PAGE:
Sarah Ballance: A Visit to Historic Deadwood, SD (#americanhistory #photos)

posted in: Sarah Ballance | 13

What better way to spend Friday the 13th than a place called Deadwood? This Wild West town is infamous for a number of reasons, not the least of which is the murder of Wild Bill Hickok (August 2, 1876) and as the site of his final resting place (Mt. Moriah Cemetery). I was absolutely thrilled to be able to visit last fall, and while pictures just don’t do it justice, I hope you’ll enjoy experiencing it through just a few of the few *cough* hundred pictures I took during my stay there.

Deadwood, South Dakota

IMG_2864Deadwood is the only town in the United States to be listed in its entirely on the National Register of Historic Places. This view is of Main Street.



The famed Mt. Moriah Cemetery (founded 1878) is the final resting spot of “Wild Bill” Hickok, Calamity Jane, and Deadwood’s first lawman, Sheriff Seth Bullock.



Seth Bullock was Deadwood’s first sheriff and was later appointed U.S. Marshall of South Dakota by President Theodore Roosevelt.



Beautiful Mt. Moriah Cemetery overlooking Deadwood, South Dakota



Wild Bill Hickok’s grave marker reads in part “Died Aug 2 1876 by pistol shot aged 39 years Custer was lonely without him.” Upon his death, he was originally buried at Deadwood’s Ingleside Cemetery. When Ingleside filled, Bill’s best friend Charlie Utter paid to move Bill in 1979 on the third anniversary of his burial to the new Mt. Moriah Cemetery, where he remains to this day.


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The Bullock Hotel (1885) is widely reported to be haunted by Sheriff Bullock himself. Though we brought our RV and weren’t in need of accommodations, I totally would have spent the night here if they’d had any vacancies. (They didn’t).



The Black Hills are an ever-present backdrop in Deadwood, which lines a narrow valley lodged in the mountainous terrain.



The Silverado Franklin Hotel (1902) has hosted Presidents Theodore Roosevelt and William Howard Taft, as well as a number of famous folks including John Wayne. It’s also rumored to be haunted.



“Deadwood has been known the world round for over half a century. It is the smallest ‘metropolitan’ city in the world, with paving and public and other buildings such as are seldom found in cities less than several times its size.”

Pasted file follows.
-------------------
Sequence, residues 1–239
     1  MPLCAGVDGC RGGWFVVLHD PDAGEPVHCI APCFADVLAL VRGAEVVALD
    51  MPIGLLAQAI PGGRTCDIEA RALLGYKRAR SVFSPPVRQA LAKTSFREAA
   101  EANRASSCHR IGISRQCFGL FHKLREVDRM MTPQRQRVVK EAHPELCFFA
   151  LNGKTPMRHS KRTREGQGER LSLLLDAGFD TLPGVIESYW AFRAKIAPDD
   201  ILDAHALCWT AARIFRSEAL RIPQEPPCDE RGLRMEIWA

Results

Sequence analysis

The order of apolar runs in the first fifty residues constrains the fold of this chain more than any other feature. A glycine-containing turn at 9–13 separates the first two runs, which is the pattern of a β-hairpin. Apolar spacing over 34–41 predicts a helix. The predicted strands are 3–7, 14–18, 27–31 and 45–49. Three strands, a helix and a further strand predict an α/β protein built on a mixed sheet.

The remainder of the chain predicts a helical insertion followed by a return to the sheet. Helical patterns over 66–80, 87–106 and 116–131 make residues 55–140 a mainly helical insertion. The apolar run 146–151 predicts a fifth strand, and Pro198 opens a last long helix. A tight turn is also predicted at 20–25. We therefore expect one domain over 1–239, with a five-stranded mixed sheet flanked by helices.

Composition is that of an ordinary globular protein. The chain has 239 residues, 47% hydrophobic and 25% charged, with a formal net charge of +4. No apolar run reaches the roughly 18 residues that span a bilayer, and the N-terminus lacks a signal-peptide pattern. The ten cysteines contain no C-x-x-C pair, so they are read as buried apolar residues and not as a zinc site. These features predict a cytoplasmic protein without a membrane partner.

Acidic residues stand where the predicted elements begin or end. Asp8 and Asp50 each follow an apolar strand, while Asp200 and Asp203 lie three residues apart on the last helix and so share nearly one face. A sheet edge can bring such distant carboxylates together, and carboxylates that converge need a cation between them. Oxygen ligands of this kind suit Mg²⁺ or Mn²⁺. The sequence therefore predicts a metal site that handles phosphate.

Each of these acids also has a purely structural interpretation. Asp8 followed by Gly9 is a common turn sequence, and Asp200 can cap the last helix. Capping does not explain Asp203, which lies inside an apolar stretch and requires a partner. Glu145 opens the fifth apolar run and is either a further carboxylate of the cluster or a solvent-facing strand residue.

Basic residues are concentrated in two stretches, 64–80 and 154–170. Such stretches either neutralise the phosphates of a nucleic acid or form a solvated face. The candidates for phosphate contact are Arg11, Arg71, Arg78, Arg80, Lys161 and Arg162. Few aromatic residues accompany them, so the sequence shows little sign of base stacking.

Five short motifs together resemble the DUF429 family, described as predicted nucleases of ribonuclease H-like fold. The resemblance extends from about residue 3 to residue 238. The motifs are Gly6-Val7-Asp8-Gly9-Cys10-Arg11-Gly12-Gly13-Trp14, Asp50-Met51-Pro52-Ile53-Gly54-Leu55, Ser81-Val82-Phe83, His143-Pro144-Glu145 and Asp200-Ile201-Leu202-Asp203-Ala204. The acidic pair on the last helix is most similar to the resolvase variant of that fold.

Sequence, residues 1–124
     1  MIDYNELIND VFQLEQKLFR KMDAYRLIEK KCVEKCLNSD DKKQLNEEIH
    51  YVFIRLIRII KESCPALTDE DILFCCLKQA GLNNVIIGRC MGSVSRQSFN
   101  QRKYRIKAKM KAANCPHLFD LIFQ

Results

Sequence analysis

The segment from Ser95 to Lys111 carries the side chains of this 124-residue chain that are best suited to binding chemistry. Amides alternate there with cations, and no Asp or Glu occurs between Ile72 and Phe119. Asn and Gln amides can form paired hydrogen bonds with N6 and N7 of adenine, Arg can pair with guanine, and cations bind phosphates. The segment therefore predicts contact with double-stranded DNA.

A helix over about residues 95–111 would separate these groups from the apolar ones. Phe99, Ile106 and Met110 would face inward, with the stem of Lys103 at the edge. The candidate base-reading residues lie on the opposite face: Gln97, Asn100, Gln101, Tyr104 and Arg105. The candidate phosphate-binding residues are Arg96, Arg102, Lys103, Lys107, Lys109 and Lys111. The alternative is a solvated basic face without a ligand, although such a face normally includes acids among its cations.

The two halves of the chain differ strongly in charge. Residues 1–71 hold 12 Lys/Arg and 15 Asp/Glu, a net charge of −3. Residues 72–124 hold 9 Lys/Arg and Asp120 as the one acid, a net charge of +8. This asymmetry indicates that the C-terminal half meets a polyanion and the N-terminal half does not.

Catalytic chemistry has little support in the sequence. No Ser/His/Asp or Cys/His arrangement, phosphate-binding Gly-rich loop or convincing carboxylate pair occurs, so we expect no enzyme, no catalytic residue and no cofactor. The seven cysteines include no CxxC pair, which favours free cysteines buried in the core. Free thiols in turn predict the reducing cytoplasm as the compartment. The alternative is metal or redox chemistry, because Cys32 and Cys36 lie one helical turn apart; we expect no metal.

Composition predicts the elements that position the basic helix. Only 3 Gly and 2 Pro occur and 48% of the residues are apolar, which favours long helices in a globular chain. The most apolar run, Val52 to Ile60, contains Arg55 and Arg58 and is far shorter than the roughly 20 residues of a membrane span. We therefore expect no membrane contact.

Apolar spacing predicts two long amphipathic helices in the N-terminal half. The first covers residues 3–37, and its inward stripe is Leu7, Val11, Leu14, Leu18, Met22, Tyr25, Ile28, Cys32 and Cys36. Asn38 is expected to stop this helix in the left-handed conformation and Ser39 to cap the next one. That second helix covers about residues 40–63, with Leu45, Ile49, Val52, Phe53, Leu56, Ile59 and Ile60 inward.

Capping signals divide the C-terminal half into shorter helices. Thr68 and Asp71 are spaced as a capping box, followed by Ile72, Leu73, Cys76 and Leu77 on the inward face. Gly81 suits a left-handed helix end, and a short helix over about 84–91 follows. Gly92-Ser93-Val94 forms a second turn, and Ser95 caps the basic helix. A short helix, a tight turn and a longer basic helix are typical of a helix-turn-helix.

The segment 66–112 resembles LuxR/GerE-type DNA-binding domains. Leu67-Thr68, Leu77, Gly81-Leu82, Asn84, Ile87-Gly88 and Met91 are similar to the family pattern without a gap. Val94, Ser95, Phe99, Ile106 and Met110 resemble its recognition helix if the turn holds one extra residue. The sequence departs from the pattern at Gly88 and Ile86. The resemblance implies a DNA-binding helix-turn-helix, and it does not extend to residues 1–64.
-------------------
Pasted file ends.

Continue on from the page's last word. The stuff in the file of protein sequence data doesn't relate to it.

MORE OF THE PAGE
John S. McClintock
Pioneer Days in the Black Hills, 1939 (source)



A re-enactment of Wild Bill’s murder at the Old Saloon No. 10. He never sat with his back to the room, but on this day Charlie Rich had his usual spot. After a brief and heated argument, Bill gave up and took the fated seat. Shortly thereafter, Jack McCall shot him in the back of the head, killing him. Bill’s poker hand – a pair of Aces and a pair of Eights (fifth card unknown) has ever since been known as “Dead Man’s Hand.”



This is the original site of Wild Bill’s assassination by Jack McCall on August 2, 1876. Note the sign near the lower right that marks the location.


IMG_2872A look inside the saloon where Wild Bill was killed. (It was closed, so I took this through the front window).


This one is for the fans of HBO’s Deadwood. I have no idea if this is near the original site, but as it stands, it serves as a front to the parking garage for the First Gold Hotel and Casino. This representation of Star and Bullock Hardware may just be for looks, but it’s a very exciting find nonetheless!


IMG_2868A final glimpse of Deadwood, South Dakota’s Main Street.

I hope you’ve enjoyed this tour of Deadwood and its history. (I, for one, am now dying to go back. What’s 1,900 miles in the car with six kids? LOL.) While I do have a Deadwood-eque plot building in my head, thus far my historical romances all take place during Colonial MA’s Salem witch trials. (Yes, Puritans can be sexy. I promise!) Please click here to learn more.